It is well-known that hospitals charge different payers (health plans and government programs) different amounts for the same service even at the same point in time, a phenomenon known to economists as “price discrimination” (Reinhardt 2006). Price discrimination is not unusual. Airlines engage in it (charging passengers on the same flight different ticket prices depending on purchase date), as do hotels (different room rates by date of purchase), colleges (via financial aid), movie theaters (senior and child discounts), and many other industries. ... 

However, price discrimination does not mean that someone pays more because someoneelse paid less. In fact, a business that was trying to earn as much profit as it could should charge each customer as much as it can without driving too many of them to a competitor. In other words, the price you pay at the movies is the profit maximizing price. Even if another class of customer (senior citizens or kids) pays less, the profit maximizing price for you is not higher because they do so. In fact, if the theater lowered its price for senior citizens further and raised those for younger adults, it would drive away the younger ticket purchasers and attract more senior citizens, lowering profit, not raising it.

However, for some reason when it comes to health care–and in particular, hospital service–it is widely believed that private insurers have to pay more because public programs pay less. This phenomenon is called “cost shifting” (Morrisey 1993, 1994, 1996, Ginsburg 2003).

Friday, June 28, 2013

June 28th Appearance on the Armstrong and Getty Radio Show re: ObmaCare and Public Dollars to School Kids to Sell PPACA

I was on with Jack and Joe again this morning to discuss a few basics of the law as well as the State of California's new initiative to use school kids to "sell" Obamacare to their friends and family. (More on that story here.)

Here is the segment:

You can hear all of my May and June appearances on the show in this playlist.

All Armstrong and Getty Shows can be heard via podcast.
  • Listen in the Bay Area? Click here to get the podcasts.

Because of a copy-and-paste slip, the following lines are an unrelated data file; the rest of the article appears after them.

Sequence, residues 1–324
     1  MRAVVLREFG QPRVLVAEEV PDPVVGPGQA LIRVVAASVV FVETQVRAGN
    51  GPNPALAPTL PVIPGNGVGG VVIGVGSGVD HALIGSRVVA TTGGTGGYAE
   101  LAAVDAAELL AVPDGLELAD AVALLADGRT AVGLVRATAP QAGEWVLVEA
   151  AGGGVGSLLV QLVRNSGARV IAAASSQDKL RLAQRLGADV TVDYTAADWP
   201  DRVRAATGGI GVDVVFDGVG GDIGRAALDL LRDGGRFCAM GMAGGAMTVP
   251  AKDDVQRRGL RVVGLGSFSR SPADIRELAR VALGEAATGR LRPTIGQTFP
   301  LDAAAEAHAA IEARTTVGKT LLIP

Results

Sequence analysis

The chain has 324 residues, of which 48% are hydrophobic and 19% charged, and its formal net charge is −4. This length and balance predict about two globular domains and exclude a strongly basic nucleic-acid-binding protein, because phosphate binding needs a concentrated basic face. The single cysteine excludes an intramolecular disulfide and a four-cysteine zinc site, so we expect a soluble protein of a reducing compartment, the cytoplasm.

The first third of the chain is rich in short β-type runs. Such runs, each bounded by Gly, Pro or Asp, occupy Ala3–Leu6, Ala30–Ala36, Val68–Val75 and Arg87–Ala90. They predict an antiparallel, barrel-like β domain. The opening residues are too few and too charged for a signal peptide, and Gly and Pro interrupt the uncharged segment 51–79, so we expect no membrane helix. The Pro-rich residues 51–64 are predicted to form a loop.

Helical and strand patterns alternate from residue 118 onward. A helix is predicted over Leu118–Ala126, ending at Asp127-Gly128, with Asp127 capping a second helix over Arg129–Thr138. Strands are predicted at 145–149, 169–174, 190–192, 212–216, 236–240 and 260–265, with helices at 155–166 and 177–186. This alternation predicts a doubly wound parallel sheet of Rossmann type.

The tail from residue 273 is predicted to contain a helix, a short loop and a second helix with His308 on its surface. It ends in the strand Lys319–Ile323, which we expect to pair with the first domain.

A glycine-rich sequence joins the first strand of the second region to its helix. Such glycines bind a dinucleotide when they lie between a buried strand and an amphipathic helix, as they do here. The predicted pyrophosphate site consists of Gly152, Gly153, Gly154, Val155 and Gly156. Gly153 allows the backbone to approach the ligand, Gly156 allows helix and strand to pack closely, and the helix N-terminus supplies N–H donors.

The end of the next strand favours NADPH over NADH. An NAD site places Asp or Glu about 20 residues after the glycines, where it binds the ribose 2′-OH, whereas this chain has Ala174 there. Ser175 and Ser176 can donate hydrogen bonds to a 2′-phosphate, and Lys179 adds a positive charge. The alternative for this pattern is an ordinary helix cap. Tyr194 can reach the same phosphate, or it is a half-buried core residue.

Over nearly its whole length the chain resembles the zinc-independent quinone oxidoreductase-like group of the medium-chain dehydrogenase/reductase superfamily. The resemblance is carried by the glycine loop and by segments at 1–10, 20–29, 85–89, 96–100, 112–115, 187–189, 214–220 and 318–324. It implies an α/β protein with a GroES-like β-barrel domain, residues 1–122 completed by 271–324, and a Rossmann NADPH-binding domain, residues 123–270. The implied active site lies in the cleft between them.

• Listen in the Sacramento area? Click here to get the podcasts.

UPDATE: About 6 hours after we discussed this topic regarding LA's public schools, Fox Business and Reason Magazine discussed the same here.

IRS and Treasury anticipate employers may try to 'exploit', using temporary employment agencies in PPACA and they are watching

If your business relies upon temporary staffing agencies or any other shared-employment arrangement, you must make sure that benefits are provided to those folks or risk being fined.  This is a great summary on the topic from E is for ERISA: (Hat tip to Dr. Ryan Kennedy.)
General Anti-Abuse Rule. The proposed regulations also provide that any hour of service will be disregarded if the hour of service is credited, or the underlying services are requested or required of the employee, for the purpose of circumventing employer shared responsibility rules. 
Use of Temporary Employment Agencies. Thepreamble to the regulations identify practices that the IRS and Treasury anticipate employers may try to exploit, using temporary employment agencies as purported common law employers, and state that final regulations on employer shared responsibility duties will expressly prohibit such practices. In one scenario the employer would purport to employ individuals only part of a week, such as 20 hours per week, but would then hire the same individuals through a temporary employment agency who acts as their common law employer for the remaining hours in the week, with the result that the individuals do not qualify as full-time employees, for shared responsibility purposes, of either the employer “client” nor the temporary employment agency. An alternative scenario would split the hours between two separate temporary employment agencies. The preamble minces no words in commenting on these strategies: